Boys & Girls Club Golf Tournament Raises Aspirations for the Future

Boys & Girls Club Golf Tournament Raises Aspirations for the Future

by Susan Neuhalfen

The 10th Annual Boys & Girls Club of North Central Texas Benefit Golf Tournament will be held at the Bridlewood Golf Club in Flower Mound. With a 1:30pm shotgun start, tournament play includes a round of golf, golf cart (shared), goodie bag, lunch, dinner and fun extras.

The tournament is based on a four-person team best ball scramble format, with awards given to each member of the first, second and third place teams. There will also be a first place and second place award for the best ladies team as well as many other prizes. With this being the tenth year of the golf tournament it’s guaranteed to be a day to remember! Best of all, the proceeds go to help at-risk youth that attend the Boys & Girls Clubs of North Central Texas in Denton, Lake Dallas, Lewisville and Little Elm.

While most would think the funding for Boys & Girls Clubs would come from their national program, the truth is the clubs have to raise all of their own funds. Each charter has to pay dues to the national organization, but when it comes to funding the club, they have to do all the heavy lifting. That’s why Boys & Girls Clubs is so grateful to the people who have helped fund this vital after-school program for so many years.

The Boys & Girls Club is the oldest after school program in existence today. Started in the 1860s, today there are over 4100 clubs and four in the Lake Cities area alone. With so many after school options now, what keeps the Boys & Girls Club still so relevant and so influential in so many communities?

“Our purpose at Boys & Girls Club is a mixture of education, health and character building,” says Rick Troutman, president of Boys & Girls Club of North Central Texas. “We’re teaching these kids how to be better people.“
The after school program at the Boys & Girls Club consists of outside exercise with games and a power hour with volunteers/mentors helping the kids with their homework. They also offer programs that are all different, depending on the age of the child. For example, one course consists of learning to tell time for the younger kids while another program focuses on helping the older kids prepare for adulthood. They also hold summer camps with many of the same programs designed to help the kids build strength and character. Troutman says they are blessed to have UNT and UWC so close by so they are rarely at a loss for great mentors and volunteers.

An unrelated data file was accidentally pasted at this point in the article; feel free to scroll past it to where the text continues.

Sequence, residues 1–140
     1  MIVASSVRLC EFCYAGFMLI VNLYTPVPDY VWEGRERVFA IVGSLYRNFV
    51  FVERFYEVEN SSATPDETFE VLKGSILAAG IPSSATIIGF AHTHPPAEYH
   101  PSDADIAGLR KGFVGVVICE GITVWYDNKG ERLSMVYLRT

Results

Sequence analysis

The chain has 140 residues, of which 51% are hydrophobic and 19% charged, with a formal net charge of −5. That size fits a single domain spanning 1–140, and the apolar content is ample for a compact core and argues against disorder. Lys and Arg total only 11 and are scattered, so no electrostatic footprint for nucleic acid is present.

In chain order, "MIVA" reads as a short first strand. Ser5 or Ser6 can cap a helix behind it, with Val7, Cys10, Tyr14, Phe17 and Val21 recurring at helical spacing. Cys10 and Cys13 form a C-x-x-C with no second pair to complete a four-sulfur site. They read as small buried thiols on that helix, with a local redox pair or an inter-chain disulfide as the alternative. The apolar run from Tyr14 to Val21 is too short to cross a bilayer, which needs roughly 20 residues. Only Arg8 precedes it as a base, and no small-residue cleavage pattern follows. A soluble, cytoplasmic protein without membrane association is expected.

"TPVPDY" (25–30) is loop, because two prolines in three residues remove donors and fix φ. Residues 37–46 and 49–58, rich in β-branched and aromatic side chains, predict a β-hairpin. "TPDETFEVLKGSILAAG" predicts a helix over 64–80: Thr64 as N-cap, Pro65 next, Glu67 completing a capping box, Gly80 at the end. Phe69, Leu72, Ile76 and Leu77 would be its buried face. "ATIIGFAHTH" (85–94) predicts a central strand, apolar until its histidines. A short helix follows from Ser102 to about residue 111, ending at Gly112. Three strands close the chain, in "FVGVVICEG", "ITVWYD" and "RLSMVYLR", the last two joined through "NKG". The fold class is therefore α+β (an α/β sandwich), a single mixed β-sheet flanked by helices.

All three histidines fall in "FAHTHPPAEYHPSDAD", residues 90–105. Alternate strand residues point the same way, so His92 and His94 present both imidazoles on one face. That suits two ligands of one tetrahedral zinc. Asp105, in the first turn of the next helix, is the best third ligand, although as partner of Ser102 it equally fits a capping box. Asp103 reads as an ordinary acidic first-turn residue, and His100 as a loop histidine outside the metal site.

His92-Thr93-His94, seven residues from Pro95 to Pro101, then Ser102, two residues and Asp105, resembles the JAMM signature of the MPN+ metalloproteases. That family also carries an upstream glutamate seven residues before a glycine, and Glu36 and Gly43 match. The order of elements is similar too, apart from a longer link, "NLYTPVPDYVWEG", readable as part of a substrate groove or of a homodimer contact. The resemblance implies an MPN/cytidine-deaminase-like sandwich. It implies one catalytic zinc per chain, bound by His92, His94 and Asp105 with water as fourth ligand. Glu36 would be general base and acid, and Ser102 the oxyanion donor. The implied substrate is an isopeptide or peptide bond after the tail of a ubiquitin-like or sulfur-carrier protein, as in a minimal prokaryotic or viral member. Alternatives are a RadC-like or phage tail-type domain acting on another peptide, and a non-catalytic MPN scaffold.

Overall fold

In working with at-risk youth as the Boys & Girls Club does, Troutman and his crew have found that being proactive is the best route. He says they work with the kids early, before trouble begins, to keep them from going down a not-so-desirable path.

“We have continued to be proactive with the kids,” said Troutman. “We’ve also been fortunate to give them some unique experiences to help them grow.”

One such unique experience to which Troutman is referring is the recent donation of a 3D printer. The kids are having a ball using their imaginations to use the machine. The project which the kids are enjoying most is the creation of 3D prosthetic hands for kids in need. Not only does it test their creativity (and patience, since one hand takes 26 hours to create), the kids are learning to give back.

“Having them come together to make something to help another child in need takes them full circle,” said Troutman. “When the kids can give back it doesn’t get any better.”

For most children who have lost a hand, prosthetics is financially unattainable. It’s just that given their size, their body will grow making the investment not worth it. However, the folks at the Boys & Girls Club make these hands with their 3D printer. It takes a little over a day to make one, but to see the child’s face who gets one is priceless for everyone.

“We started with the teenagers and we’ve made a few hands already” explains Troutman. “The kids are really into it.”

Troutman and the kids also discuss how the prosthetic hands will help a child’s self-esteem—a story to which these kids can relate. Once the hands are made, the Boys & Girls Club reviews the list of applicants who have filled out what they call intake forms and rewards a child with the prosthetic hand. To get an intake (application) form, simply call Boys & Girls Club of North Central Texas.

The prosthetic hands aren’t the the only thing the kids are making. The kids are also creating one of a kind golf bag tags with the 3D printer. They were shown some examples of tags from various golf country clubs and charged to come up with their own design. It is obvious they are enjoying both the challenge of coming up with ideas as well as the creative outlet from which their projects take flight. These golf bag tags will be awarded to the winning team at the golf tournament.

With the mentors from local colleges helping with the 3D software and projects, they hope to develop even more creative things in the future. Troutman is hoping with funds raised this year, they can actually buy another 3D printer to develop more rewarding projects for the kids.

“I would really like to see the kids continue with the 3D printers,” said Troutman. “I keep telling them if you can think it, you can make it! If they can learn that with the printer, they can learn it in life.”

Boys & Girls Club of North Central Texas
10th Annual Benefit Golf Tournament
Thursday, April 28, 2016 1:30 p.m. shotgun start
Bridlewood Golf Club
400 W. Windsor Dr. Flower Mound, TX 75028
register online:

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